Recode supports the adoption of performance codes that judge buildings and their systems on how they work in the real world. Most codes are currently prescriptive, based on assumptions about appearance, theoretical calculations, and laboratory tests of building materials that do not often reflect actual structural performance. Performance codes are about implementing field verification of a technology’s efficacy and ensuring that all installed systems are designed for testability. Performance codes place environmental quality standards and field testing at the center of regulation, but do not mean that every system’s performance is monitored and tested.
Performance Standards in Onsite Sanitation Codes:
Performance codes start with setting a baseline reference for a pollutant outside the context of any specific technological solution, defining what needs to happen such that those pollutants are transformed into something acceptable for release into the environment, creating general guidelines for designing systems to make this happen, verifying that pollution is actually being treated in the real world, and releasing performance data to the public.
Pollution is defined as “daily loadings” that an average person will put on a sanitation system through their excrement and washwater, defining quantities of feces, urine, and other sanitation concerns that a typical household generates, as well as concentrations of pollutants such as nitrogen and phosphorus found in each concern.
Performance is defined by logarithmic reductions of diseases and percent reductions in the discharge of nitrogen, phosphorus, and other concentrated pollutants in comparison to the baseline pollution standard with no treatment.
All installed systems must be accessible for testing. For septic systems this means accessible ports in the tank and testing wells in the leach field or sand filter. In the event of an environmental concern, all systems are ready for testing.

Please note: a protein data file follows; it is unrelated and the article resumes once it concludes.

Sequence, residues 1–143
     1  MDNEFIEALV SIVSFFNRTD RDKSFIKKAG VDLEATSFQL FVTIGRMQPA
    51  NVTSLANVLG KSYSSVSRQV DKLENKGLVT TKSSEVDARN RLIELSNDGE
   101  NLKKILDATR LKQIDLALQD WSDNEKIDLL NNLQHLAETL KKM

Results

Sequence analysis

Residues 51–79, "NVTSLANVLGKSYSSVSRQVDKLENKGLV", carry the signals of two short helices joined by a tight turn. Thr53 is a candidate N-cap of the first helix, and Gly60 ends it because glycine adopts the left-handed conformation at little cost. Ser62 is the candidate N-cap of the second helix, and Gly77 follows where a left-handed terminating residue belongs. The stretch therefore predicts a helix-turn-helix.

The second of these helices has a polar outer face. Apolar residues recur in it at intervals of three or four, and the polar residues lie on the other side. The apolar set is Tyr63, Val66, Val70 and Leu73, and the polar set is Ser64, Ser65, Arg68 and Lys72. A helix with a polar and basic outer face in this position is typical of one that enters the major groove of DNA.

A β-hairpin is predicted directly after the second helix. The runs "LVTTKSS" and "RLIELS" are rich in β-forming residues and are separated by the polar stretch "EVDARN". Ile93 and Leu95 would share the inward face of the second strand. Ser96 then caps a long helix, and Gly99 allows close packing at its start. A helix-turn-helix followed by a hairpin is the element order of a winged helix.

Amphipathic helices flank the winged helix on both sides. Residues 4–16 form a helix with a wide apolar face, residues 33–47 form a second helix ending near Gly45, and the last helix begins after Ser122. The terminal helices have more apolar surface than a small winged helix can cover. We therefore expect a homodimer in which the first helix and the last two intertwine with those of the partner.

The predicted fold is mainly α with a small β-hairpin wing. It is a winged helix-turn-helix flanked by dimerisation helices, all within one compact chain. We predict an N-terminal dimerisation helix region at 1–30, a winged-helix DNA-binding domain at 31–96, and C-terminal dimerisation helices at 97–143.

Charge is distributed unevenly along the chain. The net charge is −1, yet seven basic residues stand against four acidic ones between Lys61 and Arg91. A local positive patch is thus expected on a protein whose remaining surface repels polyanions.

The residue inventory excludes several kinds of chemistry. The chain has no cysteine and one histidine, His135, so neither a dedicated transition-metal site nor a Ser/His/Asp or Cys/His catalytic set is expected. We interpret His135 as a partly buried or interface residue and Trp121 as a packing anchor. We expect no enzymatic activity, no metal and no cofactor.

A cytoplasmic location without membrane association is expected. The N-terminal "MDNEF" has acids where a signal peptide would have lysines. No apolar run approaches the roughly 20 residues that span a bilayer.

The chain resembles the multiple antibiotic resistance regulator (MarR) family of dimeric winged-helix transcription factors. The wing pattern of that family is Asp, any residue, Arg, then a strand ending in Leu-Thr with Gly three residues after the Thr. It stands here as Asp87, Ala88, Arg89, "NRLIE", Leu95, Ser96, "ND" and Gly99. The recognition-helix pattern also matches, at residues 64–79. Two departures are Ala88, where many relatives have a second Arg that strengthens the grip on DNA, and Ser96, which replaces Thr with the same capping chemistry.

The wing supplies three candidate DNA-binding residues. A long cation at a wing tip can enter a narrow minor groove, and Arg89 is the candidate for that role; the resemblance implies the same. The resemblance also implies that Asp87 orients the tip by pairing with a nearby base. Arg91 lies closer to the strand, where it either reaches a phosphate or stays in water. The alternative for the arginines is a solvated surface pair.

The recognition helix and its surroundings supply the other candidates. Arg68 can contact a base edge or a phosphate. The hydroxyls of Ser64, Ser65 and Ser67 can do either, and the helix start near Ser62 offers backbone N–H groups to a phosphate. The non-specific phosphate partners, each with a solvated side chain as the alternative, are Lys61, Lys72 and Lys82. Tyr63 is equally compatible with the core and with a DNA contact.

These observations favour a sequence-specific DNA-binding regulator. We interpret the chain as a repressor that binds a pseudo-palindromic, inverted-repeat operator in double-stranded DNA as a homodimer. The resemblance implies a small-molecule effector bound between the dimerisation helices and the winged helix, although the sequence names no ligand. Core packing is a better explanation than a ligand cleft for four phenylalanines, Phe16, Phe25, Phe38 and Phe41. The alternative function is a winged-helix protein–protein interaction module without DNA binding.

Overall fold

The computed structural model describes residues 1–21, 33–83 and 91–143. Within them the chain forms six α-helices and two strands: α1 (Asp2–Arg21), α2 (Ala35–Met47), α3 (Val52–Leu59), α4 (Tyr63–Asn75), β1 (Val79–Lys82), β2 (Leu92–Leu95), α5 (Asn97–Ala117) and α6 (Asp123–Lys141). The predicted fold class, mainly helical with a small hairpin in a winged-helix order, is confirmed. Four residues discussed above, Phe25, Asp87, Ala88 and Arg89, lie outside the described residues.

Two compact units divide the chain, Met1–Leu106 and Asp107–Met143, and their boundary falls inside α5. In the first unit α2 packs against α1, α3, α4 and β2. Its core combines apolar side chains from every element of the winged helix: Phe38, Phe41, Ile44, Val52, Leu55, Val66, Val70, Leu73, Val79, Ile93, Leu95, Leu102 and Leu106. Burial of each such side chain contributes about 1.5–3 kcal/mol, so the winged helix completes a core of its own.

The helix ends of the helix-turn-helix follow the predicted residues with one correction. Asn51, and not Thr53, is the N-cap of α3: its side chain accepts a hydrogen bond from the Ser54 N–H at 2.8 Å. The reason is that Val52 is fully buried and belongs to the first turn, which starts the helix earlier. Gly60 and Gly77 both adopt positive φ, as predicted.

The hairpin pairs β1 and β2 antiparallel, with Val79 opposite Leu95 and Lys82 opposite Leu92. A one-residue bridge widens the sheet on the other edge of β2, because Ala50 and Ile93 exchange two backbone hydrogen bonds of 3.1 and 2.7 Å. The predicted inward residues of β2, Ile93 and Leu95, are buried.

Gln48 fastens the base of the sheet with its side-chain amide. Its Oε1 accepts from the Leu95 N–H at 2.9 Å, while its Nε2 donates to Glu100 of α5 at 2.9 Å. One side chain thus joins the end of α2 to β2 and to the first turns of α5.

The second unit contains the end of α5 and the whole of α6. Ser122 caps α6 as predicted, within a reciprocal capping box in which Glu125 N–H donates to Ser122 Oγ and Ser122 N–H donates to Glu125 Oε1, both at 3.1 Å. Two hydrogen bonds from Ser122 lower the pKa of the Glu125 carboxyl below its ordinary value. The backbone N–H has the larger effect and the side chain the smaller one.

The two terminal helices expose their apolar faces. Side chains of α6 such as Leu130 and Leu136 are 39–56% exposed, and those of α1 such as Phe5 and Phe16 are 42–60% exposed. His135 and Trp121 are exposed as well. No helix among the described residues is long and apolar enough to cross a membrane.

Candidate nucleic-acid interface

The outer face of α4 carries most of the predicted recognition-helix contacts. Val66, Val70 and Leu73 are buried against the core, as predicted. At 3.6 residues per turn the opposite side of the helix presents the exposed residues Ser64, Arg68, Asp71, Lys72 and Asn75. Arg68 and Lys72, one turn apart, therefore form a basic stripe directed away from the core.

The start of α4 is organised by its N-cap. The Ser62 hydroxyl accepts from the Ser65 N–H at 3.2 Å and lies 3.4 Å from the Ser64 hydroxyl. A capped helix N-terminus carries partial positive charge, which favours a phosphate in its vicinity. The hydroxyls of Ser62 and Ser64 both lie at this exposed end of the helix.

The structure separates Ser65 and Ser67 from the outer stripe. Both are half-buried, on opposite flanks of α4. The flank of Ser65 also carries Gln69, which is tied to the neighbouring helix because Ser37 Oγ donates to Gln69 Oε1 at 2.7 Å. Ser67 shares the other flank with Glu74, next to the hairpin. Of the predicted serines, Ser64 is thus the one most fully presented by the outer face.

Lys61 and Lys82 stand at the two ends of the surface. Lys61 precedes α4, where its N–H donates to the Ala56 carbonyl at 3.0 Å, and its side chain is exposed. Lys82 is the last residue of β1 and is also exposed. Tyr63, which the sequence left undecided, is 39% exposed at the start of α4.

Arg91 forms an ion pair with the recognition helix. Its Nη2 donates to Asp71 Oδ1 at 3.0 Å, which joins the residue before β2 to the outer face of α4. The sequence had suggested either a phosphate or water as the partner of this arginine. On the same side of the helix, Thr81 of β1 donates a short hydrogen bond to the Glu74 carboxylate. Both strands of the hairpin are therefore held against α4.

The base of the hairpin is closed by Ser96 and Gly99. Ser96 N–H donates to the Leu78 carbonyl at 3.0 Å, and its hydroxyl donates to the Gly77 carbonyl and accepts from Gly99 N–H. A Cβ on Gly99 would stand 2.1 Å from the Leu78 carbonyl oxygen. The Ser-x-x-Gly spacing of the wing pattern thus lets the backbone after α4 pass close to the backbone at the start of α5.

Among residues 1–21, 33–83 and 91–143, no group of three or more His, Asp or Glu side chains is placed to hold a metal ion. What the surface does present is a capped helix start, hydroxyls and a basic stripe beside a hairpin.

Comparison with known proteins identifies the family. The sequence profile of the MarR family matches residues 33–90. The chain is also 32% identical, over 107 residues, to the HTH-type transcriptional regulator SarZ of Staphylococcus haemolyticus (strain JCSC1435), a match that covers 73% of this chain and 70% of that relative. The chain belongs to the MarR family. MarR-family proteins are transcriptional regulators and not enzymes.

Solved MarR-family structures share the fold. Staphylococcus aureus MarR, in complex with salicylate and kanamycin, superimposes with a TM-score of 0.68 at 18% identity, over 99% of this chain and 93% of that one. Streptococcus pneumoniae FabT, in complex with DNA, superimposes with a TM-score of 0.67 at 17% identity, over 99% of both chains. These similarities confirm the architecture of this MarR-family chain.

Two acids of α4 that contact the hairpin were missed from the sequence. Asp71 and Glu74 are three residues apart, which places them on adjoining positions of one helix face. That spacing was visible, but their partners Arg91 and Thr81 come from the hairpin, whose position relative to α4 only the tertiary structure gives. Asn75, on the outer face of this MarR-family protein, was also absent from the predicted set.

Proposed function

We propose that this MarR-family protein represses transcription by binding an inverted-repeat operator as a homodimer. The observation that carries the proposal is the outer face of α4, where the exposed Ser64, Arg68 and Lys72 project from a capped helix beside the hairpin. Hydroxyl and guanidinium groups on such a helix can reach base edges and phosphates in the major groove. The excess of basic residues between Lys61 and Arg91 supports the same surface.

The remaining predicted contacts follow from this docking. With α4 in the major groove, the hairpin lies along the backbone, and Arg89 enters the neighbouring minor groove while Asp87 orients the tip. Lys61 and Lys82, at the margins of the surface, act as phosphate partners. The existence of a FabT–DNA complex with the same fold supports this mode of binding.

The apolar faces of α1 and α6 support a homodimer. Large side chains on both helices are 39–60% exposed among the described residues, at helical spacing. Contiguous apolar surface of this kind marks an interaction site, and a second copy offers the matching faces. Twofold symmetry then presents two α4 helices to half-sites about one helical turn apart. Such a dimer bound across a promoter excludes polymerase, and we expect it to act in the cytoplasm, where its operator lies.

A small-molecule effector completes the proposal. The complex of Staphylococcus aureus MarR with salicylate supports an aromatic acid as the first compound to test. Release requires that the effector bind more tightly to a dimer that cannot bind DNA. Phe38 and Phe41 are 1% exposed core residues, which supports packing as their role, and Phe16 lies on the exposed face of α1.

A certain number of every new design or system must be field tested at the manufacturer or installer’s expense in order to verify their function. All future versions of a system are “deemed to comply.”
Accessible System Data:
The testing and verification methodology is openly available, as is all testing data as well as average installed costs. This data assists homeowners in making choices, and policy makers in decisions.
Performance codes in Sweden and Finland
The four points above are summarized from the codes in Finland and Sweden, who take very similar approaches based in laws growing out of US regulations: Both countries passed legislation modeled after the USA’s Clean Water Act in the 1970’s, and created EPA departments modeled on the US EPA. We like the direction taken in Finland and Sweden because of its clarity and simplicity, leading to readable and short regulations.
The Finnish rules are the Government Decree on Treating Domestic Wastewater in Areas Outside Sewer Networks (542/2003) [english], and by the end of 2013 all of Finland is required to be in compliance. The Swedish rules are Swedish EPA NFS 2006:7 [Swedish with English summary]. The nitty gritty of performance rules in Sweden are:
Assume no less than 5 year-long household residents and calculate the total nitrogen (N) and phosphorus (P) produced by their excrement. Technologies must meet:
Low-Risk zones: 90% P reduction, 50% N reduction
High-Risk zones: 90% P and 70% N reduction.
Verification of performance is delegated to municipalities. That process is described somewhat in this summary of the SPCR 178 reuse rules: Municipality must maintain documentation of selective testing at least every 5 years, for every stage of the process (from properties to transport, additional treatment, and reuse). Municipalities contract to Avloppsguiden to assist homeowners in making system choices.
Performance codes in the US
The National Onsite Wastewater Recycling Association has created a model code process supported by the US EPA. NOWRA’s model code does not follow the same performance standards we prefer, but does provide excellent guidance on implementing Design Standards and a Verification regime.
Maryland has implemented a Verification system and testing standards independent of NOWRA but similar in its aims.